“An Appreciation of the Chaparral Flora, with pre- and post-fire observations” by Steven Norris, Ph.D., Lecturer of Biology
Few can forget the 2013 Springs Fire that swept through Camarillo and threatened the CI campus. Destructive as it was, there was a scientific side effect akin to hitting the reset button on the plant communities, allowing scientists like Norris to observe and document how the area is recovering. Although an ichthyologist (studier of fishes) by trade, Norris has been exploring the chaparral flora in the foothills of Santa Monica Mountains since arriving in Camarillo in 2002. In the habitats surrounding the CI campus, he’s identified and photographed nearly 130 native plant species. Many species are abundant, others are rarely seen, some didn’t appear until after the fire, and a couple are endangered. Each has its place in the ecology of the habitats, each has something unique to teach us, if we look closely enough.
Blanchard Community Library, 119 North 8th Street, Santa Paula
Lectures are Tuesdays, 6 to 8 p.m.
“Danza Mexica: Indigenous Identity, Spirituality, and Activism ” by Jennie Luna, Ph.D., Assistant Professor of History
The Danza Mexica or Aztec Dance tradition of central México has migrated throughout the United States transforming the identity and spiritual politics of entire Mexicana/o communities in the process. Luna will discuss the historical, genealogical and contemporary trajectory of Danza, and the political-cultural-spiritual movements tied to Danza in both Mexico City and the U.S. Southwest. The Danza traditions are constantly evolving, helping to reaffirm notions of self, homeland, spirituality, and community throughout the Americas.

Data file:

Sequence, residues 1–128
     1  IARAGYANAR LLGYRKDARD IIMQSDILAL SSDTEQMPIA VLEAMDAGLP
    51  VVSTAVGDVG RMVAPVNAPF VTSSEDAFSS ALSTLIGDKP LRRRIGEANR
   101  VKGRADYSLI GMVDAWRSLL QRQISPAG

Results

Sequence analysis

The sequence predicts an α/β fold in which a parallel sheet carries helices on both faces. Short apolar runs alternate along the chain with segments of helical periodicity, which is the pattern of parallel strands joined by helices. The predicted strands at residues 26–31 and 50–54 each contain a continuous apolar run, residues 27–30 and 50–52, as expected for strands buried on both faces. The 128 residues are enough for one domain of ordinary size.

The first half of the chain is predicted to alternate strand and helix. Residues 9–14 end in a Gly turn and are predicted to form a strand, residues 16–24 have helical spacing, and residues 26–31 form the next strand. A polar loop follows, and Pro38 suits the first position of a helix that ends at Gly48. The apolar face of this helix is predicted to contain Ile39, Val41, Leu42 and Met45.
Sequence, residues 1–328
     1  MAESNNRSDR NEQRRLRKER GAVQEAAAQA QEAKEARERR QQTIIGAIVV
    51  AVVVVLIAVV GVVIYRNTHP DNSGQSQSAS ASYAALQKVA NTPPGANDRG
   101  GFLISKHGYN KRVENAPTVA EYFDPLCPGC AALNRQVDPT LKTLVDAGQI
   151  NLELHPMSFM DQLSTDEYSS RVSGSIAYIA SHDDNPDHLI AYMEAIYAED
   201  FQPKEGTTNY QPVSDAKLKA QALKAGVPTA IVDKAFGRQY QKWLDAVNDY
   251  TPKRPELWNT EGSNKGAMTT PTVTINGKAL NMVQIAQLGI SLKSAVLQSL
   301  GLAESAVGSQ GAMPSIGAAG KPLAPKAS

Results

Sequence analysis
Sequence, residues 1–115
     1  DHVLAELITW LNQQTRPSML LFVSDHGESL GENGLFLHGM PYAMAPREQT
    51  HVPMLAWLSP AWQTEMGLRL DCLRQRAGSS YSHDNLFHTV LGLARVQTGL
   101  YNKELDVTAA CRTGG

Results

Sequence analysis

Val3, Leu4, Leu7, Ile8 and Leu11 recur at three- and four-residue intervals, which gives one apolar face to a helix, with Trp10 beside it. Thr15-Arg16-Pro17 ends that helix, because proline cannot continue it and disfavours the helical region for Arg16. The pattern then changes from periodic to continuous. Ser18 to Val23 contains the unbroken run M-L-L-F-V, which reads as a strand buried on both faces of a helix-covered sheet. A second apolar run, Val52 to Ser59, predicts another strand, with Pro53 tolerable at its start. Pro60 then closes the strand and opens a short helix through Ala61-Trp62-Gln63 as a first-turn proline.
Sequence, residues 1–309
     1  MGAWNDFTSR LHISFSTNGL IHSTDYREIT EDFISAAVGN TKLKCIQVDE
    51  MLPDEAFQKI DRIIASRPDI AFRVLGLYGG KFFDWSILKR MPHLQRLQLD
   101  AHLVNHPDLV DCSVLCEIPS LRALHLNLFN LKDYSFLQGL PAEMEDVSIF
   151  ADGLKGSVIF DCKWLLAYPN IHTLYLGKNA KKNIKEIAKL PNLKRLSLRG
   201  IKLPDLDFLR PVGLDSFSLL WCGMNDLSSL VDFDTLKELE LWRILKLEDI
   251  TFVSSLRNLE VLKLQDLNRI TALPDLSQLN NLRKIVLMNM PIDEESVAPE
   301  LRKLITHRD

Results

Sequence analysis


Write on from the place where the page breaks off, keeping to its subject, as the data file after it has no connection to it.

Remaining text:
“Reinterpreting Local History: La Voz de la Colonia, Ventura County’s Spanish Language Newspaper, 1926-1932” by Jose Alamillo, Ph.D., Professor of Chicano/a Studies
Labor struggles, school segregation, sports and entertainment were among the issues covered in La Voz de la Colonia, a Spanish language newspaper recently unearthed in the basement of the E. P. Foster Library. The paper was published from 1926 to 1932 in the city of Santa Paula, circulating through Ventura and Santa Barbara Counties. La Voz covered local, regional and national news that affected the U.S. Latino population in the area.
Alamillo will use La Voz de la Colonia to reinterpret key events in local history including the 1928 St. Francis Dam Disaster, the agricultural strikes during the Great Depression, and the segregation of Mexican students in public schools.
Channel Islands Boating Center, 3880 Bluefin Circle, Oxnard
Lectures are Thursdays from 6 to 8 p.m.
About California State University Channel Islands
CSU Channel Islands (CI) is the only four-year, public university in Ventura County and is known for its interdisciplinary, multicultural and international perspectives, and its emphasis on experiential and service learning. CI’s strong academic programs focus on business, sciences, liberal studies, teaching credentials, and innovative master’s degrees. Students benefit from individual attention, up-to-date technology, and classroom instruction augmented by outstanding faculty research. CI has been designated by the U.S. Department of Education as a Hispanic-Serving Institution and is committed to serving students of all backgrounds from the region and beyond. Connect with and learn more about CI by visiting CI’s Social Media.